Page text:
Folk rockers the Low Anthem are currently headlining their first U.S. tour in support of their album Oh My God, Charlie Darwin, on which they took a unique approach to creating a sonic identity: recording antique, pedal-pumped reed organs. Their 1915 Estey organ is of special interest, as it was played by an Army chaplain in France during World War I. The band has also found organs in Vermont, Indiana, and North Carolina. Their organic sound is a joy to experience and a perfect complement to the voice of keyboardist Ben Knox-Miller, who took time out to speak with us about this unique quest.
Why did you seek out antique pump organs for the record?
We weren’t looking for one. We weren’t satisfied with any of the digital keyboards’ organ sounds. It appealed to us more that this was actually air moving across reeds and there was some element of chance, a real physical thing happening, and the beautiful woody resonance.
So you never thought you could get the same sound by using samples?
No. The pump organs are very unpredictable and a lot of that has nice charm to it.
Who were some of your influences?
Neil Young uses a lot of pump organs. We recently saw him play and he played solo acoustic on the pump organ. Tom Waits also uses pump organs on his recordings.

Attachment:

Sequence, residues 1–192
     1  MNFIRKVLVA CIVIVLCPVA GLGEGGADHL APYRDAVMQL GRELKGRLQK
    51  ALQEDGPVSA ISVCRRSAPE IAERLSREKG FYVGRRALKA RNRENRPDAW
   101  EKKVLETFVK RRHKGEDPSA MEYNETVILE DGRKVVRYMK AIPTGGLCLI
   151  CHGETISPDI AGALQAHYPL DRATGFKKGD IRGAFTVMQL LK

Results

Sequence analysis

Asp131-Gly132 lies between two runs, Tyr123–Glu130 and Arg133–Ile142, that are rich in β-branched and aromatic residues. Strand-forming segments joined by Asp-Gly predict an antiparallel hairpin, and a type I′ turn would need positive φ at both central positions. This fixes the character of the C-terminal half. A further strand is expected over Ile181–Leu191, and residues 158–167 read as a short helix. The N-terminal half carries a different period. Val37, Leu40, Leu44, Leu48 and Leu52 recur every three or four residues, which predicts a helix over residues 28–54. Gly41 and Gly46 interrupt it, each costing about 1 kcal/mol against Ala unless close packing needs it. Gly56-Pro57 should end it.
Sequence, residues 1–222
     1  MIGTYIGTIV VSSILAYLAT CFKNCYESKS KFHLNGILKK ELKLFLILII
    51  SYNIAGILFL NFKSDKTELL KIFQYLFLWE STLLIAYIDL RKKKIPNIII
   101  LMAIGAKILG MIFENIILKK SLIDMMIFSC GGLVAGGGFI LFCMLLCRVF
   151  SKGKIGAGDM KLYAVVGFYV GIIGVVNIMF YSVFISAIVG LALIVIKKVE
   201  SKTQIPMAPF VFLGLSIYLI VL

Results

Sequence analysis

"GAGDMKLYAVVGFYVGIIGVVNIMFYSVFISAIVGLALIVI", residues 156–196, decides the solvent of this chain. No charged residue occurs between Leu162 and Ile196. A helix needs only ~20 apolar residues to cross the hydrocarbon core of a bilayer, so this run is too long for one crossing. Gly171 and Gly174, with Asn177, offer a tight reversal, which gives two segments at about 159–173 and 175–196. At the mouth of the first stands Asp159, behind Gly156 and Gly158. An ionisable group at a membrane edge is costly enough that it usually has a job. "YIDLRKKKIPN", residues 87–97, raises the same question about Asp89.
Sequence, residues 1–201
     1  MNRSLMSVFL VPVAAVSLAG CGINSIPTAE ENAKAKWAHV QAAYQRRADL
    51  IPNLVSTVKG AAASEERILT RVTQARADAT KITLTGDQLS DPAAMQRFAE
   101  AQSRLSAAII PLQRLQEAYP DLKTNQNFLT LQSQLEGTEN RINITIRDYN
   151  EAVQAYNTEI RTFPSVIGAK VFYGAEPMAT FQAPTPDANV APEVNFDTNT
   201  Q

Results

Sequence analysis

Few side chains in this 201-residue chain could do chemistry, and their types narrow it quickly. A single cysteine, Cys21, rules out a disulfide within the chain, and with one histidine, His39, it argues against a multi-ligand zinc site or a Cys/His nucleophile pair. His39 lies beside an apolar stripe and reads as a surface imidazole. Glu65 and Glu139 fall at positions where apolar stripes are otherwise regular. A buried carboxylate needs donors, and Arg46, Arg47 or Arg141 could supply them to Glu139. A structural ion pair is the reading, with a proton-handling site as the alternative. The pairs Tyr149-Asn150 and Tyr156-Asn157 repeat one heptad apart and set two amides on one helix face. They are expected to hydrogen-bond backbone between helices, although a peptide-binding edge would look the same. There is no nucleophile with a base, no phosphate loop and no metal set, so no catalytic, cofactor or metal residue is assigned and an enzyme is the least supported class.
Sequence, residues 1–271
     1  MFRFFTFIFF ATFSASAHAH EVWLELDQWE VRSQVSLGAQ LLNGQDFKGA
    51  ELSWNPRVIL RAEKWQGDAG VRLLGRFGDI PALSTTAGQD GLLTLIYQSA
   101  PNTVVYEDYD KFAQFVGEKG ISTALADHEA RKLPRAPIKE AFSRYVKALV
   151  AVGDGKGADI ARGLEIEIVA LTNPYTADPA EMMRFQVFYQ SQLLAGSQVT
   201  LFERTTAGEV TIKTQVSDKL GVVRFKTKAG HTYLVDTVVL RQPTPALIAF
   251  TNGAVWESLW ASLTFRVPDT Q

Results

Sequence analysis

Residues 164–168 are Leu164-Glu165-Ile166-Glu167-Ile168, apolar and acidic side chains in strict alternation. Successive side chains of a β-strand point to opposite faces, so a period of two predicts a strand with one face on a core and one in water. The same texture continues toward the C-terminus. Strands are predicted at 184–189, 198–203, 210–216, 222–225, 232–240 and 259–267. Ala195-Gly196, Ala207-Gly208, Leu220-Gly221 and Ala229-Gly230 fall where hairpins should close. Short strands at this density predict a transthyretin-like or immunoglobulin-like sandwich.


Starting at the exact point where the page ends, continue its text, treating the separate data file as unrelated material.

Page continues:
On “To Ohio,” which organ was used?
The Estey portable pump organ. There’s a nice blend of the traditional pump organ that sounds kind of like a mockup of an electric organ sound — kind of corky, naturally woody, and crackly. On “The Ghosts who Write History Books,” by contrast, that’s a really clean organ sound.
What about on “Cage the Song Bird”?
That was the Estey again, the predominant organ we recorded with. We also have a harmonium on stage, and a melodeon we just bought. It’s from 1850. We found it in Newcastle, Indiana.
Think a B-3 is vintage? One of the Low Anthem’s vintage reed organs is this turn-of-the-century model from Vermont organ builder Estey, established in 1840.